Old School Freaks Need a Beer: Bob Seger and the Silver Bullet Band at DTE Energy Music Theater

Adrien Carver
4 min readJun 17, 2019

Nelson picks me up in the afternoon and we take the back roads up to Clarkston. 75 is fucked with construction.

We get there nice and early. The parking lot is empty and we park at the eastern end of it, near where the ski hill of Pine Knob rises into southeastern horizon.

We get out of the car. Over the hill, we can hear the band doing soundcheck — snippets of Mainstreet, You’ll Accomp’ny Me, Travelin’ Man.

The breeze is in the trees and the guardian angel fluffs are about.

“Make some fucking noise, Detroit!” some drunk boomer yells into the empty parking lot.

“Winning,” says Nelson.

Bob Seger’s music, to me, is the sound of America’s golden age. He, along with other acts like CCR, the Eagles, Springsteen, John Mellencamp, Tom Petty, and others. They were earthy, they were masculine in a way that’s probably considered toxic nowadays but to me always seemed noble and sturdy. They remind me of driving to hockey practice with my dad. Now, thanks to passing time, changing demographics, and all the other stuff, they’re disappearing.

The parking lot smells of of charcoal grills. People tailgate responsibly. Spots fill up. Nelson and I wander the outskirts of the venue, an ampitheater on the side of a ski hill. DTE employees wore red, standing at entrances.

We buy a t-shirt and go back to the car. I take a short nap, my hoodie over my face.

We get in line. Radio station booths are lined up along the entrance way — WCSX, Wheels, WOMC. They play Bad Company, Reo Speedwagon and Nirvana

An older woman in line turns and makes conversation — “You two look a little young to be here for Seger.”

“There are younger people than us in the crowd,” I tell her.

“We’re in our 30's,” says Nelson. He tells her about when his dad booked Bob Seger System for a high school dance.

The DTE employees line up and unlock the gates.

We get our spot on the lawn, I get snacks and beer. We wait and wait.

Vendors walk amongst the crowd.

“This is Bob Seger, this isn’t taylor Swift, you all need a beer,” yells one.

“We were coming in here before you were born,” says a grizzled old fan behind us.

“Maybe,” says the vendor, who looks like he’s in his 50’s. “Remember when you could bring kegs in?”

“We brought a lot of shit in,” said the grizzled old fan.

“Take your dates from a 6 to an 8,” yells the vendor, going about his rounds.

The sound system plays When Doves Cry.

“All right, Prince is on the radio, old school freaks need a beer,” yells the vendor.

“Beer, the color of the grain,” says Nelson, swilling his Coors Light.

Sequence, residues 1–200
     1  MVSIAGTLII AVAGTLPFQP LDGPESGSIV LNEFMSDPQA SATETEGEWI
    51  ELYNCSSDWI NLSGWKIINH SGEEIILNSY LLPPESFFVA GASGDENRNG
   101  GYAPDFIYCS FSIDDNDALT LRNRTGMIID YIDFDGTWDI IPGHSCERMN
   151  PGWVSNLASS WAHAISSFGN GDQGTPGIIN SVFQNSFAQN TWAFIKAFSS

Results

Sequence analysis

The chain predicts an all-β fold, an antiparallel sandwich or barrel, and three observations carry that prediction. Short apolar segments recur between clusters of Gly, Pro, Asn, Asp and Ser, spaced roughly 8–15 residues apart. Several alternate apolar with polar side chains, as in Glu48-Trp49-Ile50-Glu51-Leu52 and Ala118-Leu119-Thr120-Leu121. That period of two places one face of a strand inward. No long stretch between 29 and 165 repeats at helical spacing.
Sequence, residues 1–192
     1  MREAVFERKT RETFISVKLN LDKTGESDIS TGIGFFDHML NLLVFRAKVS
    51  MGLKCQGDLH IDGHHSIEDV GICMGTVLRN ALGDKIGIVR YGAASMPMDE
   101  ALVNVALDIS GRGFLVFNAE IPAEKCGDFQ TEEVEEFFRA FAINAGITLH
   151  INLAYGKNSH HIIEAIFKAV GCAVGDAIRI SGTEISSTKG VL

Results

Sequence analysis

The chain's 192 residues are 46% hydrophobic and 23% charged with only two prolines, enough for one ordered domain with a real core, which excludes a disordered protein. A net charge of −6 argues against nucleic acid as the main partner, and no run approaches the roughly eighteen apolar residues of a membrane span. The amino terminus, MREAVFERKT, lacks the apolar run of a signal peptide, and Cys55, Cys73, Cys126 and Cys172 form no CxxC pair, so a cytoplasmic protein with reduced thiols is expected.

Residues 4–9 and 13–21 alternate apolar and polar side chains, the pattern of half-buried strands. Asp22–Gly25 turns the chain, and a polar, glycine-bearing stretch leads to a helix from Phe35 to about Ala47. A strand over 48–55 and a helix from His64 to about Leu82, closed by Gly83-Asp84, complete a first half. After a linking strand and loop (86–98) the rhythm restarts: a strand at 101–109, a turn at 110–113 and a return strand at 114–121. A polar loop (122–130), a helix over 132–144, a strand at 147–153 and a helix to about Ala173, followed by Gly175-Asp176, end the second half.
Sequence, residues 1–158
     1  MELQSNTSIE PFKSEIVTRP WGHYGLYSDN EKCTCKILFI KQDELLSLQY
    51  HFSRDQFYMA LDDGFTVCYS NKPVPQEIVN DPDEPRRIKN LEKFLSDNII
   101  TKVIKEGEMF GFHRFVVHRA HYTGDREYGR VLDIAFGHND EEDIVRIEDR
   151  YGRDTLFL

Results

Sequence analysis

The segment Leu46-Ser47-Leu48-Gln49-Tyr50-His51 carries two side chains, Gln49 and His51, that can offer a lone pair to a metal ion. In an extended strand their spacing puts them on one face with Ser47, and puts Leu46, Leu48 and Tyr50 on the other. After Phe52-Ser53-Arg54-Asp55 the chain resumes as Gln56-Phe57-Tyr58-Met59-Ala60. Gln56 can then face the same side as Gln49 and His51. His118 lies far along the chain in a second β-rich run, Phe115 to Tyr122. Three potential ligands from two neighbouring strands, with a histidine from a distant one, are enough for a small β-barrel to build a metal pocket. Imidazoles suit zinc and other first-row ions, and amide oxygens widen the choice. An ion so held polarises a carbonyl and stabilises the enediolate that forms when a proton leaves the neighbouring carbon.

“High quality h20,” yells a vendor selling tubs of bottled water.

Everyone seems in a good mood with the sun beating down. I buy a hefty bag of cotton candy. Nelson gets more beers.

Beachballs are thrown and batted around by the crowd. These two 8-year-old boys kitty-corner to us are obsessed with getting the balls thrown to them.

Nelson sees a friend of his in the crowd, a guy named Joe. Joe’s with a Tom Cruise impersonator and a Jack Nicholson impersonator. People keep thinking they’re actually Tom Cruise and Jack Nicholson and get pictures with them. The impersonators don’t appear to correct anyone.

The opening act appears. Her name’s Addison Agen. A 17-year-old country/folk singer who came in second on The Voice in 2017. Her music is inoffensive, catchy, pop country. She has a pretty voice. She’s bred for this.

I go get a cheeseburger from the vendors, talk with a security guard who has a guard dog with him. I ask him about an old car in a waterfall that DTE used to have. He doesn’t know where it is or if it’s even still here.

Finally, Bob comes out. They do Shakedown. The band fills the stage and music fills the air.

There’s a constant scent of weed, I feel a slight buzz and the accompanying paranoia but there’s nothing but good workman vibes from Bob and the crew.

They burn through hit after hit. Bob’s lower range is intact but his upper range is suffering, husky bark and bellow. He never misses a note though, his 74-year-old legend.

The crowd, mostly aging baby boomers, are as entertaining as Bob. They dance and drink and vape and smoke and photobomb each other. The place is sold out. Bob’s doing like six shows here this month, the last of his career.

There’s a storm approaching from the west, ball lightning blasting up the sky.

Bob does a cover of Dylan’s Forever Young and has a video tribute to Tom Petty, Aretha Franklin, BB King, Stevie Ray Vaughan, Leonard Cohen, Glenn Frey, Chuck Berry and a couple others. Petty and Franklin get the biggest applause.

Bob looks like the world’s friendliest grandpa, a rock n roll Santa Clause. He wears a black headband for most of the show. His lines between songs are rehearsed. He talks about career highlights, gives intros to song’s history.

Highlights of the show include- Turn the Page, Like a Rock, Night Moves, You’ll Accompany me, We’ve Got Tonight, Roll Me Away, Old Time Rock N’ Roll, Mainstreet. Songs that are like lullabies, like they’ve always been around, timeless

Lighters and cell phones are held aloft.

Bob introduces the entire band, thanks them for a long 50-year career.

There’s two encores.

Working class rock is dead. People are bred for it now, like Addison Agen. Bob Seger beat a career into existence on the road. Nowadays, people move to Nashville or LA or have a song go viral on SoundCloud. Rock isn’t mainstream. Oh, well.

The storm hits just as Nelson and I get back to the car.